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Letters

Suicides after pregnancy

BMJ 1997; 314 doi: https://doi.org/10.1136/bmj.314.7084.902 (Published 22 March 1997) Cite this as: BMJ 1997;314:902

Mental health may deteriorate as a direct effect of induced abortion

  1. Christopher Ll Morgan, Research officera,
  2. Marc Evans, Research registrara,
  3. John R Peters, Consultant physiciana,
  4. Craig Currie, Research officerb
  1. a Department of Medicine, University Hospital of Wales, Heath Park, Cardiff CF4 4XW
  2. b Department of Public Health Medicine, Bro Taf Health Authority, Temple of Peace and Health, Cardiff CF1 3NW
  3. c Cherry Knowle Hospital, Sunderland SR2 0NB
  4. d Unit of Statistics, Registers and Information Systems, National Research and Development Centre for Welfare and Health (STAKES), PO 220, 00531 Helsinki, Finland
  5. e National Public Health Institute, Department of Mental Health, 00300 Helsinki

    Editor–Mika Gissler and colleagues state that suicides occur more commonly after induced abortion than after a pregnancy resulting in live birth.1 We linked admissions for miscarriage, induced abortion, and normal delivery to admissions for suicide attempts in our health authority (population 408 000) during 1991-5 (table 1).

    Table 1

    Frequency of admissions (rate per 1000 population) for attempted suicide by pregnancy event in women aged 15-49 in South Glamorgan Health Authority, 1991-5

    View this table:

    The age standardised relative risk of admission for attempted suicide compared with the non-gestational female population (ages 15-49) followed a similar pattern to that reported for mortality from suicide1: it was 2.17 (95% confidence interval 1.45 to 3.24, P<0.001) for women admitted for miscarriage, 1.92 (1.29 to 2.88, P<0.001) for those admitted for induced abortion, and 0.94 (0.73 to 1.20, NS) for those admitted for normal delivery.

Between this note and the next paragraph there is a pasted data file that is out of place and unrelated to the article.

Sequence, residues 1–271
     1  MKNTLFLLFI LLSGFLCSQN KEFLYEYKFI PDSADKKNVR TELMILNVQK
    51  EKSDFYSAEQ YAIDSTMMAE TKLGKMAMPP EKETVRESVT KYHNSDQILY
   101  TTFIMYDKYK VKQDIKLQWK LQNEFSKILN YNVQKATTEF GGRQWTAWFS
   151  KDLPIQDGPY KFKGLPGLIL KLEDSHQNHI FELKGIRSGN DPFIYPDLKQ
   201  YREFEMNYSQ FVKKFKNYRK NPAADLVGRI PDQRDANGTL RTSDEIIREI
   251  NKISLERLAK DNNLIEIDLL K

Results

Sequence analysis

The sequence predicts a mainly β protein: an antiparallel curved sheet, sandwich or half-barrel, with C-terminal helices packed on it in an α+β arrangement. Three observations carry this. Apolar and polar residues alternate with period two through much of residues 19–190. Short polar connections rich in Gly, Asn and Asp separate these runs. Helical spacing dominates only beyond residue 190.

The age adjusted relative risk of suicide admission for women admitted for miscarriage compared with women admitted for normal delivery was 2.84 (1.67 to 4.81, P<0.001) before the event and 2.29 (1.13 to 4.65, P<0.05) afterwards. For induced abortion the relative risk was 1.72 (0.92 to 3.17, NS) before and 3.25 (1.79 to 5.91, P<0.001) afterwards. The non-significant increase in the induced abortion group before the event could be explained by the fact that six (46%) admissions for attempted suicide occurred within 90 days of the termination. In these cases, attempted suicide may be a consequence of the pregnancy rather than a feature of underlying mental illness. In the miscarriage group three (17%) admissions for attempted suicide occurred within 90 days before the miscarriage compared with none in the normal delivery group.

    The increased risk of suicide after an induced abortion may therefore be a consequence of the procedure itself. The non-significant increase in admissions before an induced abortion is possibly explained by factors relating to the pregnancy. Hence this group of women in general does not seem to be at increased risk of suicide. Interestingly, this does not seem to be the case for women who miscarry spontaneously; their suicide rate is greater before miscarriage and reduced afterwards.

    Our data suggest that a deterioration in mental health may be a consequential side effect of induced abortion. Furthermore, poor mental health, as measured by suicide admission rates, seems unlikely to predispose to abortion. The relation between mental health and miscarriage, however, requires further investigation.

    References

    1. 1.

    Study did not show association between induced abortion and suicide

    1. Sally Mitchison, Consultant psychiatristc